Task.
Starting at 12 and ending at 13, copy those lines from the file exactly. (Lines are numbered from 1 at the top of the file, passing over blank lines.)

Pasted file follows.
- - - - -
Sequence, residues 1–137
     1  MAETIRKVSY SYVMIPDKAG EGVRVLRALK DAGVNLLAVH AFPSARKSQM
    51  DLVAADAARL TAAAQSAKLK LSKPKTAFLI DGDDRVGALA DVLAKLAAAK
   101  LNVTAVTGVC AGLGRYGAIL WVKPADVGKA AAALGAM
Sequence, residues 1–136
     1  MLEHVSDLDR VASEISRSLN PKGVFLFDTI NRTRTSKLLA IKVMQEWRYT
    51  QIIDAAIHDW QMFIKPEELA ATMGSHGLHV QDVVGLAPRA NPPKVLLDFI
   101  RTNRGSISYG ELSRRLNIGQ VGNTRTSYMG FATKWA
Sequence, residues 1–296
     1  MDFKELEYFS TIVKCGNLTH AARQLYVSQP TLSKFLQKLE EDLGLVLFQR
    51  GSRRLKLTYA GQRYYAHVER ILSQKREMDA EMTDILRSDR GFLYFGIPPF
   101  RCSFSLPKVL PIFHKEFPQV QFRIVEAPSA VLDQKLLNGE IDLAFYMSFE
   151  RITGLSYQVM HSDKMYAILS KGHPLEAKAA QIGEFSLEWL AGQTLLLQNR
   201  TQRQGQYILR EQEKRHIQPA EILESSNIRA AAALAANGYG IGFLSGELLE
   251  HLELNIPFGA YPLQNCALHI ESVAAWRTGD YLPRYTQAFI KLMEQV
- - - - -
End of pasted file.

   101  RCSFSLPKVL PIFHKEFPQV QFRIVEAPSA VLDQKLLNGE IDLAFYMSFE
   151  RITGLSYQVM HSDKMYAILS KGHPLEAKAA QIGEFSLEWL AGQTLLLQNR